Maine officially changed the second Monday in October from Columbus Day to Indigenous Peoples Day

This milestone is a tribute to those who have advocated for the name change for decades. Changing from Columbus Day to Indigenous Peoples Day is a symbolic acknowledgement of past wrongs perpetrated by Columbus and European colonization of this land.

We challenge Gov. Mills to also change the present-day state policy of stealing land and infringing on indigenous sovereignty that is aligned with the colonial trajectory that Columbus and his ilk set into place long ago. To change this paradigm in real terms means a change in legislative policy and court battles that impact indigenous communities.

To start, Mills could change the state’s position in the court cases Penobscot Nation v. Janet Mills, and the State of Maine v. the EPA, cases that center around continued stealing of indigenous land and the paternalistic nature of our relationship with our indigenous neighbors.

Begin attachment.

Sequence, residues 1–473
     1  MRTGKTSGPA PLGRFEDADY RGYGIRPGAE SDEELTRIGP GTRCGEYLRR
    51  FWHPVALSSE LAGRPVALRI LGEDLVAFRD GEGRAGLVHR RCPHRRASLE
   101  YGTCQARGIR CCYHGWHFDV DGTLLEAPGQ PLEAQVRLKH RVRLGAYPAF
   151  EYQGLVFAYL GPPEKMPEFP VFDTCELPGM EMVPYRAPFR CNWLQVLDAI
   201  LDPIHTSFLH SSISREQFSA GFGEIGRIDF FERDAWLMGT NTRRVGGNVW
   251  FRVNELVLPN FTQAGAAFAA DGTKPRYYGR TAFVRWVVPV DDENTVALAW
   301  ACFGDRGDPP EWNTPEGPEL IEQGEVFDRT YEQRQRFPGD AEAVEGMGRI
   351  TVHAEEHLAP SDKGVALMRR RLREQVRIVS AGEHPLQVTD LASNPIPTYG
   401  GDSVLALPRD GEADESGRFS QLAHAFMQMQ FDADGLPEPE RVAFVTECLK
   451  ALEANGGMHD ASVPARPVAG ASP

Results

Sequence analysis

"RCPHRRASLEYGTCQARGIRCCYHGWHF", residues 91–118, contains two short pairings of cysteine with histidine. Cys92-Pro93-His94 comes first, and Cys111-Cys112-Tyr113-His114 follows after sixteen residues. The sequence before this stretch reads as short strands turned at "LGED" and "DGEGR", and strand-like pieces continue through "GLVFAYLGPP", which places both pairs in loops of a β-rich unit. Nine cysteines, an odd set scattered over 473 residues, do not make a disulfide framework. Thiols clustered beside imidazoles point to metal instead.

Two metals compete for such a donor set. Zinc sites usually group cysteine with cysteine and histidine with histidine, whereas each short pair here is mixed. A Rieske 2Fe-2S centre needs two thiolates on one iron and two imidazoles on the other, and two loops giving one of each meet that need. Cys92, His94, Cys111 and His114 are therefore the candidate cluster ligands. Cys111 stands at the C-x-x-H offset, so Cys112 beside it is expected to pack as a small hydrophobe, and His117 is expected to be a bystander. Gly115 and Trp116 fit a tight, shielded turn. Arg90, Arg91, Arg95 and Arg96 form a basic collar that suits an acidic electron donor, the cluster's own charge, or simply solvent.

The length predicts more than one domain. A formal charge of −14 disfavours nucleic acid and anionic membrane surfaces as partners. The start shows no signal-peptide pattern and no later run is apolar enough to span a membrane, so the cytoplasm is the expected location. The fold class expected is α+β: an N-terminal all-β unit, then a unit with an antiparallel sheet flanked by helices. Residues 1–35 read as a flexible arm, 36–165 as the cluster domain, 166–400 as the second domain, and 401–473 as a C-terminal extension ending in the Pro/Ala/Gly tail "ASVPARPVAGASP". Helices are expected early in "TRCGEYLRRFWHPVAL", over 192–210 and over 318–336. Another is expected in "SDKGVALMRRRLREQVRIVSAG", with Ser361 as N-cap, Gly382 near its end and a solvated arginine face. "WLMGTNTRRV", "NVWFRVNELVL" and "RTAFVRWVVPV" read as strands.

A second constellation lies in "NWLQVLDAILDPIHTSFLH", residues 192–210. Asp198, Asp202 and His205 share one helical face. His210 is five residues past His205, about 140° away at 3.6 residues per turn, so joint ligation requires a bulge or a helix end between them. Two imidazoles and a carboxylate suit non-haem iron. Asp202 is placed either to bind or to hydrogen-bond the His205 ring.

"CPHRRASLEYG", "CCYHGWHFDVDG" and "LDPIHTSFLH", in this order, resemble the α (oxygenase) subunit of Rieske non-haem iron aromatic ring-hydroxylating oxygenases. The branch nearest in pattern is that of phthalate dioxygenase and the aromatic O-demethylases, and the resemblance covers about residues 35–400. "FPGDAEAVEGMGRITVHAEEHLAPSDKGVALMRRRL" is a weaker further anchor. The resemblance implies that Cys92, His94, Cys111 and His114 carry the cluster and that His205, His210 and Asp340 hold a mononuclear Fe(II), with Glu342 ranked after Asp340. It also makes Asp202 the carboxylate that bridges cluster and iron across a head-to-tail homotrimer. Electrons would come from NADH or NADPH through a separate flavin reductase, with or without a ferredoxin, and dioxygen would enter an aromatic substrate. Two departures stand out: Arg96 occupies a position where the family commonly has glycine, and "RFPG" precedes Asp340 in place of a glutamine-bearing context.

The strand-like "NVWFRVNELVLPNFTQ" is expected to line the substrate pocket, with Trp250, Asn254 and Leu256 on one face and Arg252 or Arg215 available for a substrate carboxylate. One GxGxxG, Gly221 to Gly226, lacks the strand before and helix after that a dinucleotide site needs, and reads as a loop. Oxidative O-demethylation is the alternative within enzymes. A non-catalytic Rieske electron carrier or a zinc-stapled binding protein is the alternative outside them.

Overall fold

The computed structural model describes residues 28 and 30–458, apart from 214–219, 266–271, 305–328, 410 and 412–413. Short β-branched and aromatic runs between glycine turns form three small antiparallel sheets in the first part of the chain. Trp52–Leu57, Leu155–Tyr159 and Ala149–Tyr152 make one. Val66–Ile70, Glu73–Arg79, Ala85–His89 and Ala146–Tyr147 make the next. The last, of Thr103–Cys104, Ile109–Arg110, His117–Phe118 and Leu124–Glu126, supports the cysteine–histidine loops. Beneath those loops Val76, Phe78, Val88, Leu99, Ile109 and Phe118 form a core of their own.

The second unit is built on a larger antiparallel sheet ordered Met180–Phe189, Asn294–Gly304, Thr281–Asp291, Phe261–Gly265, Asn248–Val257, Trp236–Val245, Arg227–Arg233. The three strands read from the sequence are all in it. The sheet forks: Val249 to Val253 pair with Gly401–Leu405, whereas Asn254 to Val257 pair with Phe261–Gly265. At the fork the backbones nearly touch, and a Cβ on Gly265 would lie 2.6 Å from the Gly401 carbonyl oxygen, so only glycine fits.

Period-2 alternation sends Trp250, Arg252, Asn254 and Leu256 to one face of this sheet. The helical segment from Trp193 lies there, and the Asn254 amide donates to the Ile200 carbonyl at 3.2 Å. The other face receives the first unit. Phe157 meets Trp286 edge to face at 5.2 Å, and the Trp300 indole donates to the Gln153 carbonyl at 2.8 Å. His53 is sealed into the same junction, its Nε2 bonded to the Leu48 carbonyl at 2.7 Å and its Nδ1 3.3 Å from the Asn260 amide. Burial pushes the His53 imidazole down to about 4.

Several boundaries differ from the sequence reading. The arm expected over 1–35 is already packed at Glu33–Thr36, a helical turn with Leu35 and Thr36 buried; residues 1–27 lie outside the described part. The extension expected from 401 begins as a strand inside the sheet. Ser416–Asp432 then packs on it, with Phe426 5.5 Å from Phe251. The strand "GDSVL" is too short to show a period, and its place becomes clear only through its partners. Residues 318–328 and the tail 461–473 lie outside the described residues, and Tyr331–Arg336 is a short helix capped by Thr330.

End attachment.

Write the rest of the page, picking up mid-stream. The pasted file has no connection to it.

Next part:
In 2015, Attorney General Mills argued against extending protections of the federal Violence Against Women Act to indigenous women on their own land. Expanding landfills in proximity to tribal territory, mining regulations, and even the proposed CMP corridor are other areas of contention. The state’s case on all of these issues revolves around the Maine Indian Land Claims settlement, which the tribes have called “fractured and broken.” This agreement needs to be revisited.

At the signing ceremony to change the holiday, Mills said “… Let us continue to heal the divisions of the past, and bring … tribal communities together with the state and build a future shaped by mutual respect and trust.”

Changing a name is a first step; changing the nature of our relationship with our indigenous neighbors and with this land we call home must come next.

Dan Marks

North Yarmouth